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The rise of the female entrepreneur is not limited to small business.  In fact throughout business, government and corporate there is a significant increase in the number of women establishing expert status as both infopreneurs (those who trade in information and ideas) and intrapreneurs (those who innovate, take risks and create new ways of doing things inside corporates). Each of these are aspects of entrepreneurialism, ergo, the feminine entrepreneurial spirit is alive and well in many areas of our society.

While creating, innovating and tailoring products and services specifically for women is smart in the entrepreneurial world I wonder if in fact it’s not so smart when it comes to the gender diversity and helping women lead.

When women speak to women’s only audiences, we’re preaching to the converted. We’re also not addressing or shining a light on the issues that frequently hold women back to the people who are best positioned to do anything about it.

One area where we can make a big difference - conference planning

Over the course of my own career, I’ve booked and briefed more speakers than you can poke a stick at. I always made a point to ask speaker bureaus and brokers for female speakers for technical conferences whether they were legal, insurance, policy or consumer affairs conferences or roundtables.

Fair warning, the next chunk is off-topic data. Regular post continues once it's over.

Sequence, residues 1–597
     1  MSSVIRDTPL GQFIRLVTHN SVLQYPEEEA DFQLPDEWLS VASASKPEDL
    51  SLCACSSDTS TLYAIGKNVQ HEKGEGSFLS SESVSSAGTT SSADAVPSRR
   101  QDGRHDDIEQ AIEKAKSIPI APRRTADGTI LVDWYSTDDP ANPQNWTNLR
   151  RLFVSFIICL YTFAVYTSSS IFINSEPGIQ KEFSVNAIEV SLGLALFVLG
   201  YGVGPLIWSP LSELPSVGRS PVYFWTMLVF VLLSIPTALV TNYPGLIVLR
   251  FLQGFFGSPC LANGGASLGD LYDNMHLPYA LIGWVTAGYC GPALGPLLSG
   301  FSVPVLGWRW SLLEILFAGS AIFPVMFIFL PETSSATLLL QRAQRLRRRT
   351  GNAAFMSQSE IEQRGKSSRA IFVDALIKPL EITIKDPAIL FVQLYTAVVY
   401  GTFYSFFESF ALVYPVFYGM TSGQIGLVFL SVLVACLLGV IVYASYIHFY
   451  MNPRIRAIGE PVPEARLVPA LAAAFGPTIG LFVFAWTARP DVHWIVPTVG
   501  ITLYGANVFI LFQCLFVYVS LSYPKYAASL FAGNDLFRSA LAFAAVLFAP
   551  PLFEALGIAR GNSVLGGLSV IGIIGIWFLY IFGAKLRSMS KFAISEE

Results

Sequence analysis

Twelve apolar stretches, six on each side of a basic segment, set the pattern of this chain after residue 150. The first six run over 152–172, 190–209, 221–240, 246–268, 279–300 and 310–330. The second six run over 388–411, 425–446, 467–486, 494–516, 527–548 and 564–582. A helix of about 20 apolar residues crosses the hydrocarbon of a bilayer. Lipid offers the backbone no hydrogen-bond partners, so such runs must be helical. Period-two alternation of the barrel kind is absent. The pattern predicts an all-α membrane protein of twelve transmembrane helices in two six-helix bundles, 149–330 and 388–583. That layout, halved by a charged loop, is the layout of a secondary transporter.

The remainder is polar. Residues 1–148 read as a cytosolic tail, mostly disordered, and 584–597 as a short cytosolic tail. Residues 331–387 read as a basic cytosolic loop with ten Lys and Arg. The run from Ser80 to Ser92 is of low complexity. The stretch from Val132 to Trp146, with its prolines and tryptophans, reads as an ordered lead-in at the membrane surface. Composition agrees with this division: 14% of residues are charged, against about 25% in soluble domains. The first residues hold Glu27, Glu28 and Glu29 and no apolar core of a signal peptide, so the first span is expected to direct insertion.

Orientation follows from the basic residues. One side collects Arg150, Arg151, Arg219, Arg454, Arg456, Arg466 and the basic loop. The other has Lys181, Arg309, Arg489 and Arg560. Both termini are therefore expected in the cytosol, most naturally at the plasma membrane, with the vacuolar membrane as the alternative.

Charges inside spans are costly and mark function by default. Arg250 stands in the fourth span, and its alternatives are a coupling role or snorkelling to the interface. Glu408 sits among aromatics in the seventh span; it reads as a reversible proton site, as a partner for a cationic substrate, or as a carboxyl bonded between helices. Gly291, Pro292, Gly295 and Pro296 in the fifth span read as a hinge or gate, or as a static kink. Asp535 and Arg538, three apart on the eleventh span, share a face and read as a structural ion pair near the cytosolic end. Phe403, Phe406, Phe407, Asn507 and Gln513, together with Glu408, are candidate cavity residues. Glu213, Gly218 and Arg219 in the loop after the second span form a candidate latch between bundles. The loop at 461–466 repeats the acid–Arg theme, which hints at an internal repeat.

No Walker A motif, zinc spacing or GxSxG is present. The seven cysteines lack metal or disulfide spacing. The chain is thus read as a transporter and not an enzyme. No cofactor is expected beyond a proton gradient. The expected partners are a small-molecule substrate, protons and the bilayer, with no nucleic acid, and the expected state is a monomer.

One thing I remember, that despite asking for female speakers on technical topics, I’d be told that audiences preferred male speakers ( ….. yawn .....right ....).

Something else I noticed was that there was definitely a shift in the last 10 or so years, as more female speakers came on board - however they were all speaking on female empowerment topics. (Hand on heart, I fit the bill as well.)


Why are these issues a problem?

The first is that the speaker gatekeeper was perhaps not as aware of gender diversity and inclusion principles as you might expect.  Don't believe the hype. Mixed gender audiences also love female speakers.

In my time, four of the audience favourites included Amanda McKenzie (a member of the youth climate coalition), Major Matina Jewell (on leading in a crisis), Avril Henry (on leadership more broadly) and Jane Caro (on consumer emotion), who each received rave reviews from men and women alike.

Secondly, if women keep preaching to the converted and to those who are already feeling marginalised, others inside organisations and industry, who may in fact hold more power to do something about it, never hear about the issues in the first place.

And finally, we keep perpetuating the cycle that aligns masculine voice with leadership and expert status. When we don't hear women speaking on leadership and expertise more broadly, men AND women don't see it was a viable option.

Reframe for a challenge